Fuel Cycle Frittata

I love frittata and quiche, and over my years of weight watching and dieting, I’ve come to rely on them as a staple. My favorites are full of cheese and cream, plus they contain lots of veggies and sometimes some meat. Recently, I just wanted to get rid of some stuff in my freezer, and I hit upon one that is a definite winner. Since I just threw it together, my measurements are not going to be terribly exact here, but you get the idea.

Sage Sausage Frittata

6 eggs
1/2 to 1 cup of cream (or half and half)
1 pound of sage sausage, cooked and crumbled
1 large onion, diced and browned
1 bunch of spinach or kale, chopped and wilted
2 cups of cheddar cheese, shredded
Italian seasoning, salt and pepper

First preheat your oven to 350 (F) and crack the eggs into a bowl.

Add salt, pepper, and Italian seasonings, and whisk the eggs together. Then add the cream.

Now add 1.5 cups of the shredded cheddar, the sausage, and the wilted spinach, and mix well. Pour the entire mixture into a casserole dish.

Sprinkle the remaining cheese on top and cook for about 30 minutes, or until the cheese on top is nicely browned. Makes 6 huge servings, or 9 smaller ones, or about 18 half-servings like these:

This was such a big hit that it was completely gone before the day was out. And P-Daddy has been hinting ever since that he wanted some more. But I’m headed into a Fuel Cycle with Trim Healthy Mama, and all that cheesy goodness is a definite no-no. So, I decided to make it much more Fuel Cycle friendly. Of course with the eggs and sausage, this is an S, and a pretty Deep one. Here’s how it went:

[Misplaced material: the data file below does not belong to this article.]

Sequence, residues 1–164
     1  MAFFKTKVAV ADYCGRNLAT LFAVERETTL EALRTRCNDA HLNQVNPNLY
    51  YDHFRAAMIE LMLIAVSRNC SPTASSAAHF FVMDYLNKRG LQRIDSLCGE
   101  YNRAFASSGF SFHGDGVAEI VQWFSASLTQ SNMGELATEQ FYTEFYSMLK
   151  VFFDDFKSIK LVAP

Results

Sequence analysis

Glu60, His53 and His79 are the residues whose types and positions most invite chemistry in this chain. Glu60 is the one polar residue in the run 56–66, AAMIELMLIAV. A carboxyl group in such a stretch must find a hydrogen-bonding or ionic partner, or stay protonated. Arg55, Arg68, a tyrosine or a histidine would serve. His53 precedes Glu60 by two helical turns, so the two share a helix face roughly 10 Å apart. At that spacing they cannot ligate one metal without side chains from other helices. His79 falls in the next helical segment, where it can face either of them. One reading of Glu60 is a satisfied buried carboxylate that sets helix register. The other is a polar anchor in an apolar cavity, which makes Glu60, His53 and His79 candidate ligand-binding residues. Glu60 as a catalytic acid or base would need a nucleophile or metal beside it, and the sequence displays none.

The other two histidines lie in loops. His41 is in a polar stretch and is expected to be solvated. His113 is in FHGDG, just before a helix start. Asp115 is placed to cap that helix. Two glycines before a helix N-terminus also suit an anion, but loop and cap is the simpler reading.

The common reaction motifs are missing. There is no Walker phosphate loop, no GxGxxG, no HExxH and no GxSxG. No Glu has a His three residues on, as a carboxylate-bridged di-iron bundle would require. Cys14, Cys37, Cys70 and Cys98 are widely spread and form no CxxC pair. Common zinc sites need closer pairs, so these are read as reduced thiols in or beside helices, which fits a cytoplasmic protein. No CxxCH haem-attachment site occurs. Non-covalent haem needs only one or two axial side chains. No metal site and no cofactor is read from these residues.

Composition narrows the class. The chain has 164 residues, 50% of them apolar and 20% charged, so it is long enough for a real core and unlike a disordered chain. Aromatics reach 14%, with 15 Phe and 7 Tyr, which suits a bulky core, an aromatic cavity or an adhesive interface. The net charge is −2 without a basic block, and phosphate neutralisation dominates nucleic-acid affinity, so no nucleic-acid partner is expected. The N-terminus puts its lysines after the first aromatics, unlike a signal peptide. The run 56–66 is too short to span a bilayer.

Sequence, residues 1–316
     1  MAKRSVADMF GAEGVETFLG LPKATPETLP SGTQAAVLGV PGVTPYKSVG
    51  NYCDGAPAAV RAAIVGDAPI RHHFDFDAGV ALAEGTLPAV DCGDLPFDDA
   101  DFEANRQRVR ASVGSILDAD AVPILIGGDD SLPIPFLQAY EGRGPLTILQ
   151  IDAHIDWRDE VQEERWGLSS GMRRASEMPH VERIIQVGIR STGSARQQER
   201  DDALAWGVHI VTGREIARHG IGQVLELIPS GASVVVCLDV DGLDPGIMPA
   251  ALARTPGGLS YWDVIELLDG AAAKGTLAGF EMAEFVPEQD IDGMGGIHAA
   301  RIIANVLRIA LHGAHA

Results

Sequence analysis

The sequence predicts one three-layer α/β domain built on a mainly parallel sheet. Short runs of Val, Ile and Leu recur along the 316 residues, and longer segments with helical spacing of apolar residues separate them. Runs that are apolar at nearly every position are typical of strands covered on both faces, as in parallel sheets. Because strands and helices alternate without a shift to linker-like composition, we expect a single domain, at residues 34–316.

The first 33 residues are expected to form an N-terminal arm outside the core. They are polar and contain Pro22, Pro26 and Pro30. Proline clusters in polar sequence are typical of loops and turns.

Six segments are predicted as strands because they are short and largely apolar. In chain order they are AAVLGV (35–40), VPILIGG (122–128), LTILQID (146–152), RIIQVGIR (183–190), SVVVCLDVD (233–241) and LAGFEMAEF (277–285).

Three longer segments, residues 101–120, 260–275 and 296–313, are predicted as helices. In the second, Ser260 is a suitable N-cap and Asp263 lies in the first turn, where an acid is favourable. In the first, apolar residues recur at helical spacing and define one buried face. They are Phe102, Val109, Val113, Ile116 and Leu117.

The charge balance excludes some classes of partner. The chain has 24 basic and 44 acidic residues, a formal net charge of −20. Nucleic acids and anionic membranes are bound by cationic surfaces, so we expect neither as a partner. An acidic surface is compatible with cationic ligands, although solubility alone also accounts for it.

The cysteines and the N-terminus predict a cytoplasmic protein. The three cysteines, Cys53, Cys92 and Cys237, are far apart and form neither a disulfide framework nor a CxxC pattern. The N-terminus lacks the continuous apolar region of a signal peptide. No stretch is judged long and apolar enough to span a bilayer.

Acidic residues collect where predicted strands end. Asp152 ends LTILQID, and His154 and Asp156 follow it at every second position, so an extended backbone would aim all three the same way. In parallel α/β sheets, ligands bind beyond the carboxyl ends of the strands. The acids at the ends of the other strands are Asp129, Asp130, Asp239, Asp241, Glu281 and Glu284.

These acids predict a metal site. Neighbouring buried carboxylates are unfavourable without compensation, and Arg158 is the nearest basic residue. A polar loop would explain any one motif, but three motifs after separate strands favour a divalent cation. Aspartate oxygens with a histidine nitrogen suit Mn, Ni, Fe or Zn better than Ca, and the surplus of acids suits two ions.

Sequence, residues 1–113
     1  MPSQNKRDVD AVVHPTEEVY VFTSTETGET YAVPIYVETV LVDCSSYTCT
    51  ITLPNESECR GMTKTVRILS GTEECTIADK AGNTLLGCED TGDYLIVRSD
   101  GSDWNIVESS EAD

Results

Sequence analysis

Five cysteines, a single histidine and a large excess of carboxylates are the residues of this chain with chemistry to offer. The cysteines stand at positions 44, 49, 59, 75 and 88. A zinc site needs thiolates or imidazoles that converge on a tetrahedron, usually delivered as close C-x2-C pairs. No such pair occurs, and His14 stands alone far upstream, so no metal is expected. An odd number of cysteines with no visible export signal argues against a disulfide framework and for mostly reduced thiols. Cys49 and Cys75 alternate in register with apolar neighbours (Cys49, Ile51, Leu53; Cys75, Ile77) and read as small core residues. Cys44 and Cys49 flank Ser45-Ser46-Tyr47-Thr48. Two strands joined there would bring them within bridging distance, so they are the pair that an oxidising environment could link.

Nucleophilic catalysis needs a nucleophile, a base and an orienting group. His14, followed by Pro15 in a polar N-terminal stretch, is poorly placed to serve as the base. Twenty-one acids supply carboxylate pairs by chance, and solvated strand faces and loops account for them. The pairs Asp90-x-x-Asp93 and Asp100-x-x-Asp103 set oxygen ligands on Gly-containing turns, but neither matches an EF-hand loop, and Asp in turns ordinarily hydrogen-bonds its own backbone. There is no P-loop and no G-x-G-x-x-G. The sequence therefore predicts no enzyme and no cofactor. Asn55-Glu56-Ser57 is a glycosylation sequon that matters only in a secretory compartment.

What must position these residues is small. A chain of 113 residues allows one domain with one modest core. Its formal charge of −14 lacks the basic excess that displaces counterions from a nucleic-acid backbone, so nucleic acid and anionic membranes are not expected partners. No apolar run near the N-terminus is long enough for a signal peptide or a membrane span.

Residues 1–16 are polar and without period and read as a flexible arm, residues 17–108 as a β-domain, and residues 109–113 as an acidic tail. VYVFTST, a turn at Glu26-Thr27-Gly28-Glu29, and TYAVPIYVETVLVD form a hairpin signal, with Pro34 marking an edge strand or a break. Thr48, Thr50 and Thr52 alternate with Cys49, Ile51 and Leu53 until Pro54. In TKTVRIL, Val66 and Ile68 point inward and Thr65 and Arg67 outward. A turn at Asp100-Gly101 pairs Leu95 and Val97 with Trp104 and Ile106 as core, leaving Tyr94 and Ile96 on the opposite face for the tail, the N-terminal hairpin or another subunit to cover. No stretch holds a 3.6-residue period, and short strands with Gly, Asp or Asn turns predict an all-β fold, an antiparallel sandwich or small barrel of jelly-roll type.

Sage Sausage Frittata for the Fuel Cycle

6 eggs
1/2 to 1 cup of cream (or half and half) almond milk
1 pound of sage sausage, cooked and crumbled
1 large small or medium onion, diced and browned
1 bunch of spinach or kale, chopped and wilted
2 cups 2 ounces of cheddar cheese Kerry Gold aged cheddar, shredded
Italian seasoning, salt and pepper

As you can see, it’s pretty much the same, but let’s take a look at each of the substitutions that make this dish much more Fuel Cycle friendly than the original:

Almond milk in place of cream
Dairy products are fairly restricted on the Fuel Cycle. A bit of raw cream is okay in your coffee, but yogurt, cottage cheese, cream, and half and half are a no-no. Almond milk is neutral, so it’s fine, and it actually worked well in this recipe. Definitely use unsweetened, and while plain might be better, it was still great with vanilla flavored, which is all I had on hand.

Small or medium onion instead of large
On the Fuel Cycle, onions are discouraged, and we are told to “eat very few” – I understand this, but I really felt like this dish needed at least a few for the flavor. Spread out over an entire recipe, the onion in each serving is minimal, and should be fine for Fuel Cycle guidelines. But feel free to leave them out if you think that’s a better choice.

2 ounces of Kerry Gold white cheddar in place of 2 cups of whatever cheddar I had on hand
Since we just want to use cheese in very minimal quantities on the Fuel Cycle, you do want a strong cheese, and this one has a nice sharp taste. The 2 ounces spread across the entire recipe is just a tiny amount of cheese in a serving (something like one small cube per piece). Of course if you have raw cheese, that would be a better choice! I love the Kerry Gold white cheddar, and although it’s not raw, I feel like it’s a better option than your average cheese is, so it’s my Fuel Cycle choice when I can’t get raw.

Overall, this turned out really well! P-Daddy liked it as much as the original (he’s not as much of a cheese fan as I am), and I thought it was pretty good as well. I don’t think it’s as pretty without the browned cheese on top, but it’s that taste that counts, right?!

I’m linking up to Trim Healthy Tuesdays over at Gwen’s Nest and Stacy Makes Cents – head on over to either one for lots more THM-friendly treats!

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7 thoughts on “Fuel Cycle Frittata

  1. I admit to being a little surprised at how well the converted recipe turned out, but it’s a good one. And it’s good cold and hot, so easy to grab-and-go, which is always a plus in my book!

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